iPhone 9 May Be Safe, But Coronavirus Could Make This Other Apple Product Even More Scarce

Apple Pushes to Bring Manufacturing Jobs to the U.S.
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Although it seems that the coronavirus in China won’t impact Apple’s ‘iPhone 9’ production after all, but the company’s supply chain may not completely escape the consequences of the ongoing viral outbreak.

While earlier reports suggested that production was slowing down throughout China as a result of factories closing on orders from the Chinese government to prevent the spread of the virus, Foxconn made a statement to Bloomberg earlier this week that said that the virus had only had a “fairly small impact” on iPhone production, since its key manufacturing centre is several hundreds of miles away from the epicentre of the outbreak.

However, it seems that some of Apple’s other suppliers may not be so fortunate. According to a report from Nikkei Asian Review, Apple’s plans to aggressively ramp up production of its AirPods have hit a snag as those particular suppliers in China have also been forced to shut down.

Slowing Production

Apple’s AirPods and AirPods Pro have been insanely popular, capturing over half of the true wireless headphone market and becoming a multi-billion business for Apple by themselves. They’re flying off the shelves and the only reason Apple isn’t selling even more is that the company simply can’t make them fast enough, in a repeat performance of the shocking success of the original AirPods back in 2016.

So needless to say, Apple has been pushing its supply partners to crank out even more of the wireless earbuds, reportedly asking them to produce up to 45 million units in the first half of 2020 just to keep up with the demand, which has pushed factories to begin working their production lines almost non-stop.

Because of the virus outbreak, it has already been about two weeks since the assemblers have shipped any new AirPods series. All of the stores and carriers selling Apple products are really counting on suppliers to resume work next week.

Unfortunately, this is one area where even the temporary closure of plants due to the coronavirus has caused Apple’s supply chain to take a big hit. While Apple’s three primary AirPods manufacturing partners, Luxshare, Goertek, and Inventec, are all set to resume production on Monday, the shutdown of almost all of their upstream suppliers has created component shortages that will slow down their production lines.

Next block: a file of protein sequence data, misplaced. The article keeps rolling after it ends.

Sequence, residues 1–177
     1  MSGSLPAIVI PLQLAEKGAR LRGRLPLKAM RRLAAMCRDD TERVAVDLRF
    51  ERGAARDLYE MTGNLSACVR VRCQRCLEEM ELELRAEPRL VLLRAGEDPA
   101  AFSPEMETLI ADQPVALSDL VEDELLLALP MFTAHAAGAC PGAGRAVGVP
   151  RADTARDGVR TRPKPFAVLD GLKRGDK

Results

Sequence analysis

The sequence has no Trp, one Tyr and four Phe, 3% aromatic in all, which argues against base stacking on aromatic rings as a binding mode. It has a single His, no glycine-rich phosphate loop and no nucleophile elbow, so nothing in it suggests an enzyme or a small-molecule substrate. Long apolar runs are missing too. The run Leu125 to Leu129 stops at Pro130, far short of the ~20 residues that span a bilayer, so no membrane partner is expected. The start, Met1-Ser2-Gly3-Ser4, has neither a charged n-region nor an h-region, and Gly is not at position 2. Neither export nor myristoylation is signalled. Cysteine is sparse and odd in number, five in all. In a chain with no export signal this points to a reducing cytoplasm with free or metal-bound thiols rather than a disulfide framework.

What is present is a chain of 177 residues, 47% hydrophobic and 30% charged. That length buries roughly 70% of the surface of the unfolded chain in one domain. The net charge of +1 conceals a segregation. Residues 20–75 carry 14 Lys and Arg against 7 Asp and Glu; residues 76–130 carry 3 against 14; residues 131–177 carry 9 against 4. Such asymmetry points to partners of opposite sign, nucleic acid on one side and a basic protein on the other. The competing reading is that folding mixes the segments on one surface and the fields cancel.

The Chain Falls Apart

At this point, sources have told Nikkei that the main manufacturers have “at most” only two weeks’ worth of materials and other components needed to assemble the AirPods, and they’re going to have to wait for component makers to restart their operations before they can receive fresh supplies. As a result, the AirPods assemblers don’t think they can reach more than 50% production in the first week, and even that figure may be optimistic.

It’s still an open question whether the upstream suppliers that the assemblers rely on will be able to smoothly resume their own production lines to produce enough parts for the final assembly; even one weak link in the chain could cause everything else to come to an abrupt halt.

Even after every plant fully reopens, travel restrictions in towns across China are likely to create labour shortages, slowing down production across the board. On top of this, companies are reportedly being cautious about ramping up production too quickly due to concerns that calling back tens of thousands of workers all at once could increase the risk of the virus hitting their factories and resulting in the need to quarantine large groups of workers or even entire plants, causing things to once again grind to a halt.

Although Apple has been urging its suppliers to build production facilities outside of China, specifically in northern Vietnam, this became less urgent as the U.S.-China trade war began to de-escalate, and the majority of AirPods production still remains in China.

Most analysts believe that this won’t really affect demand for what is easily Apple’s most popular product right now, and in fact the scarcity could actually increase demand by adding to the cachet of getting one’s hands on a pair. While the standard second-generation AirPods can still be found in stock at most Apple Stores, there is a one-month waiting period for the premium AirPods Pro, and stock of either version at non-Apple retail stores may continue to be considerably more scarce in the coming weeks as Apple reserves what it can get for its own online and retail stores.

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